Predicting the continued and future impacts of mining operations on river and human health is a difficult process, often plagued by considerable error. Qualitatively, however, the degree of mercury pollution in the Beni-Madeira river basin is likely to increase in the future as a result of Bolivia's current political and economic instability and the high prices for gold, which when combined are likely to promote gold extraction and localized deforestation. A wider range of commodities are mined within the Rio Pilcomayo basin, and the future of mining is likely to vary between them. However, the contaminant data collected thus far indicate that trace metal contamination will remain a problem for the foreseeable future. In fact, geomorphic models of landscape and channel evolution suggest that trace metals deposited and stored during channel bed aggradation may be re-excavated in the future and transported downstream, increasing the extent of contamination. The widespread nature of trace metal contamination will make remediation of the problem extremely difficult, and will require a much more detailed understanding of ecological and human exposure to the contaminants than currently exists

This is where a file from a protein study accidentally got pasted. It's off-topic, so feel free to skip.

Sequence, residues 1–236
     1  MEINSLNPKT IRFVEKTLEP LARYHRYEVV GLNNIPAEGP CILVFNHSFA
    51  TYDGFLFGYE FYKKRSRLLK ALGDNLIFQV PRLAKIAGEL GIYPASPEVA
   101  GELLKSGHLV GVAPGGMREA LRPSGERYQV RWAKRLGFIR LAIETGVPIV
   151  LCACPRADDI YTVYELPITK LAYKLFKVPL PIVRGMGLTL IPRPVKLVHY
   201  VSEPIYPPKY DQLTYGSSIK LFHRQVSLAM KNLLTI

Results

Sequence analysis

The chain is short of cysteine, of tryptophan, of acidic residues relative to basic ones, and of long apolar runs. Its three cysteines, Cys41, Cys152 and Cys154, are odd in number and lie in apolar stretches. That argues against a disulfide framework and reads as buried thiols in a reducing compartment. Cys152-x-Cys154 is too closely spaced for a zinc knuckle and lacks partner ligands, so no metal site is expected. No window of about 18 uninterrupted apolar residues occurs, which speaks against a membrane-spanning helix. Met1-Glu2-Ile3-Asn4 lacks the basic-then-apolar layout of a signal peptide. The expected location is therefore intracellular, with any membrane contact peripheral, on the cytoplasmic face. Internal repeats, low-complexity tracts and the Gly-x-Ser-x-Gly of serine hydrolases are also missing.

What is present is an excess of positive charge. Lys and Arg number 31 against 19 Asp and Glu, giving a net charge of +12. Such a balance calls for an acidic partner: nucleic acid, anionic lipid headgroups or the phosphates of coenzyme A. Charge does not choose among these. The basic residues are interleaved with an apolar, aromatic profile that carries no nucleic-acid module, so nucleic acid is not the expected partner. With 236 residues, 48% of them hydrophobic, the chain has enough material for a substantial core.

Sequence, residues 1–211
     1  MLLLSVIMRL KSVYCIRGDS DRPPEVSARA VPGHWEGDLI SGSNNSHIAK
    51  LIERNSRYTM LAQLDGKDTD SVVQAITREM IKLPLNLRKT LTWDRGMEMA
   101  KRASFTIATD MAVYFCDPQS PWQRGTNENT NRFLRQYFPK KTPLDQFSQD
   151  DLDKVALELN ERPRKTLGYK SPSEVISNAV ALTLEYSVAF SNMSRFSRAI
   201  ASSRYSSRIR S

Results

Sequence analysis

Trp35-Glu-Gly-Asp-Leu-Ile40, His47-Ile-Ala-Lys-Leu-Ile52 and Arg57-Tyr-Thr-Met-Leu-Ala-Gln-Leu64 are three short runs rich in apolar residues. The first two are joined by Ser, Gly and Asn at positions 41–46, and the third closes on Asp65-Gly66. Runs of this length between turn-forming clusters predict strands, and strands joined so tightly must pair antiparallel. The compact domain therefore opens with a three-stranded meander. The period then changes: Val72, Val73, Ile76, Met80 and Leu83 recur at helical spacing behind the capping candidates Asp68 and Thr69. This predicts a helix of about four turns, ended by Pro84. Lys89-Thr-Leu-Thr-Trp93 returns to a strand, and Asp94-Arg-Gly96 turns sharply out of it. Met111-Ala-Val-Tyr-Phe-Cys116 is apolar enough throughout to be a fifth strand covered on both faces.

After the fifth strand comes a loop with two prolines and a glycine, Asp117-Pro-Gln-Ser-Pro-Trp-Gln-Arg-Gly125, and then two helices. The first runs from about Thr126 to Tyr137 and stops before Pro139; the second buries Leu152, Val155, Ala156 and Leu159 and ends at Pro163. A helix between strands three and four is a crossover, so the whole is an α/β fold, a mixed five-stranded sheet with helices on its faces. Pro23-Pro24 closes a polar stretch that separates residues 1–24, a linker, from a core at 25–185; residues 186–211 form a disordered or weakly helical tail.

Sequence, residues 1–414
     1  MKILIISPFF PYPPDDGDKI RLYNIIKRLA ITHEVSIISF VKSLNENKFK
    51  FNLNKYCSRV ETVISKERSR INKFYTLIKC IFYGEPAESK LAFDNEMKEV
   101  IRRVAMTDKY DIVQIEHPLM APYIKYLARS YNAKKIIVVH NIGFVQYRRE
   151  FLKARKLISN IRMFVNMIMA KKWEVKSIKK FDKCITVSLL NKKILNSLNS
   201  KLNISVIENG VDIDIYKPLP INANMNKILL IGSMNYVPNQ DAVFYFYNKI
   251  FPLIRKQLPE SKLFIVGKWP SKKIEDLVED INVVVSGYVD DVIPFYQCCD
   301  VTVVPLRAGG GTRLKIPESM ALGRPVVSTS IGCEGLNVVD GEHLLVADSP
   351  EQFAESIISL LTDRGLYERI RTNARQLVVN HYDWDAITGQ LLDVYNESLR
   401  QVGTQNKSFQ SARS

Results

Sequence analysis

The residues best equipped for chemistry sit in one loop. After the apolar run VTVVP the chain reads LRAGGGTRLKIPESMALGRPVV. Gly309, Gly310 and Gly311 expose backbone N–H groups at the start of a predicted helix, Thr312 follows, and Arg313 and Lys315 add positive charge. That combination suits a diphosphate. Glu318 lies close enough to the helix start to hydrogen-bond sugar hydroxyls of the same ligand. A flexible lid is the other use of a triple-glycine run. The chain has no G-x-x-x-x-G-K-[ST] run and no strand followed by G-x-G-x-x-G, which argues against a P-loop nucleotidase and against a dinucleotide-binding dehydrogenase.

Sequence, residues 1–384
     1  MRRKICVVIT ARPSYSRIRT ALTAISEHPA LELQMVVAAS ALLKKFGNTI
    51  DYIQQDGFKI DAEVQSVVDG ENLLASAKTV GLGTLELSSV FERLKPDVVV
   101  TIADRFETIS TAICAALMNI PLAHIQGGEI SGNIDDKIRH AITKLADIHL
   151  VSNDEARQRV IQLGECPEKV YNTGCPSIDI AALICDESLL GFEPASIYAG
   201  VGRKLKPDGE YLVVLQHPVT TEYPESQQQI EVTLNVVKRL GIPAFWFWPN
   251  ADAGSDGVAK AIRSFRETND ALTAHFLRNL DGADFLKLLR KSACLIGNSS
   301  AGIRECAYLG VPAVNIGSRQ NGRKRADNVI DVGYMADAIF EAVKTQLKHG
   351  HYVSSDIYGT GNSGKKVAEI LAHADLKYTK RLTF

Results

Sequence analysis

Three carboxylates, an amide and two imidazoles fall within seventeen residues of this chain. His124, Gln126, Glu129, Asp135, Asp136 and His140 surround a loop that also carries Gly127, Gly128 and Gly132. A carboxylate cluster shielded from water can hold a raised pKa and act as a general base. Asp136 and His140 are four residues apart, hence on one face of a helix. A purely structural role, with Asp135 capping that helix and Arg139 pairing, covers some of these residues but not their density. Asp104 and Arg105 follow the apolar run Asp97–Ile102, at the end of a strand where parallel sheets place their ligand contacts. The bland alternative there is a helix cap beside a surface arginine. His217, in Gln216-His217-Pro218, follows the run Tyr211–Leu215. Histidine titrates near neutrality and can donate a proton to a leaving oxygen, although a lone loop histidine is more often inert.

Being the most common sulfide minerals, Arsenopyrite and pyrite under oxidizing conditions breaks down to release acids of As and S into the environment, leading to acid mine drainage with high concentrations of dissolved As. In this research, the dissolution of gold ore (with FeS2 and FeAsS as the main sulfides) from Tianli gold mine, Liaoning province, China was investigated. The experiments were conducted in 500mL conical flasks containing 200mL of three different media, 3% pulp density and 1.6 initial pH. The results indicated that treatment with mix culture medium resulted in the dissolution of 99% of Arsenic and 99% of iron, which was higher as compared with when treated in the same culture medium after centrifugation for 20 minutes which in turn higher in comparison with when treated in acidic and pure sterile system. The oxidation potential, Eh of the mix culture medium reached 680mV (vs.SCE) within the first three days of the experiment where as that of centrifuged, acidic and sterile media reached 580, 450 and 445mV (vs.SCE) respectively. The pH tends to increase within the first three days which eventually decreased to nearly one toward ending, courtesy of pyrite which is believed to be net acid releasing sulfide. The dissolution is suggested to be a combined effect of enzymes, ferric iron ions and organic acids. It was observed that enzymes and ferric ions played an essential role in the dissolution process.